Juniper

Western juniper (Juniperus occidentalis) is emblematic of central and eastern Oregon, where it thrives in the arid climate and extreme temperatures of the high desert. In addition to western juniper, two other junipers occur in Oregon: common juniper (Juniperus communis) and Rocky Mountain juniper (Junperus scopulorum).

Characterized by grey-green branchlets, western juniper has a powdery blue, berry-like cone with a thin waxy coat that is easily rubbed off. Junipers may be low and spreading with small needle-like leaves (common juniper) or a tree with scale-like leaves (Rocky Mountain and western juniper).

Western juniper is widely distributed across the cold, arid, central and eastern Oregon landscape between sagebrush flats and pine forests. It does not tolerate shade, and fire easily kills it. Fire suppression and livestock grazing, which has reduced the grasses that fuel fires, have allowed it to expand into sagebrush flats. Birds and rodents spread junipers by eating the so-called berries, thus scarifying the seeds as they pass through an animal's digestive tract.

The leaves and berries of western juniper have been used medicinally by Native Americans in infusions, decoctions, and poultices for a number of different aliments. Ranchers have found that the trunks of junipers make nearly indestructible fence posts, and the wood has been used to create novelty items such as lamps and furniture. The Round Barn built by early settler and rancher Peter French in Harney County used large juniper trees in its construction, and it has stood on the Malheur National Wildlife Refuge since the 1870s.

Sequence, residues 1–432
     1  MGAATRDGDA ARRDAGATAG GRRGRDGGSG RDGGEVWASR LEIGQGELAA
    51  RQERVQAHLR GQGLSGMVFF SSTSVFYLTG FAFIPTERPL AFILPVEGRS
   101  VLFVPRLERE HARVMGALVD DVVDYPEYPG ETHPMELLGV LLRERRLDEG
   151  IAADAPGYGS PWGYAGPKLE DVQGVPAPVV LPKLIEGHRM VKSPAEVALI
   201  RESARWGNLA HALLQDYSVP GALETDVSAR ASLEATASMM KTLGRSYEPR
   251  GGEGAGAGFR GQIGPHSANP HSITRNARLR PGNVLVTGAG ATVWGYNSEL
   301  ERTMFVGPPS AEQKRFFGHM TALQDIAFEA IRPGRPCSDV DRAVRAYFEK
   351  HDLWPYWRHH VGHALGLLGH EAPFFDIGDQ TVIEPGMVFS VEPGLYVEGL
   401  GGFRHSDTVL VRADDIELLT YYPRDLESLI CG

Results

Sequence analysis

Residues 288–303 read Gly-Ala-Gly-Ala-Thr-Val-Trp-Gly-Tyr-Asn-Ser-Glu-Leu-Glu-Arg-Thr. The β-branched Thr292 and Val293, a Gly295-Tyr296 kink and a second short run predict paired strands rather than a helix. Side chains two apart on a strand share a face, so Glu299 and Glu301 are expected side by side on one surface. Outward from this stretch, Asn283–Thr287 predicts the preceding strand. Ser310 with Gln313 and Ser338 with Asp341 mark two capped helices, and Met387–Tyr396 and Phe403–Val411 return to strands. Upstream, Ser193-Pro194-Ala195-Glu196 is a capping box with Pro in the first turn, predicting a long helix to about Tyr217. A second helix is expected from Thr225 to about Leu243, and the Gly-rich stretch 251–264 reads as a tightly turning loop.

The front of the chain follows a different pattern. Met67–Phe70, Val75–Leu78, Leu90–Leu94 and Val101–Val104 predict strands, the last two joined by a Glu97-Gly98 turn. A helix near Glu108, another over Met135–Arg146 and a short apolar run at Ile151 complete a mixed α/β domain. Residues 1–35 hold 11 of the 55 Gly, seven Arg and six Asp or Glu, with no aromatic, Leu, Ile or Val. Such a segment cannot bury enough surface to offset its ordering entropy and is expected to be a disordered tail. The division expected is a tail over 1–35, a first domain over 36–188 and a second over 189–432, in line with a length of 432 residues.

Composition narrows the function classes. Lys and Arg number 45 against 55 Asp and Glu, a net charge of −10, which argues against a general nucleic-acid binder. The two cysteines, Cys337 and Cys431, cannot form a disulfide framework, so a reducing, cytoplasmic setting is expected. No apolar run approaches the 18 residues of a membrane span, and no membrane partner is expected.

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Further Reading

Arno, S.F., and R.P. Hammerly. Northwest Trees. Rev. ed. Seattle: Mountaineers Books, 2007.

Jensen, E.C., D.M. Bever, W.R. Randall, and R.F. Keniston. Manual of Oregon Trees and Shrubs. Corvallis: John Bell and Associates, 2002.

Jensen, E.C., and C.R. Ross. Trees to Know in Oregon. Rev. ed. Corvallis: Oregon State University Extension Service, 2005.

Moerman D.E. Native American Ethnobotany. Portland: Timber Press, 1998.


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This entry was last updated on March 17, 2018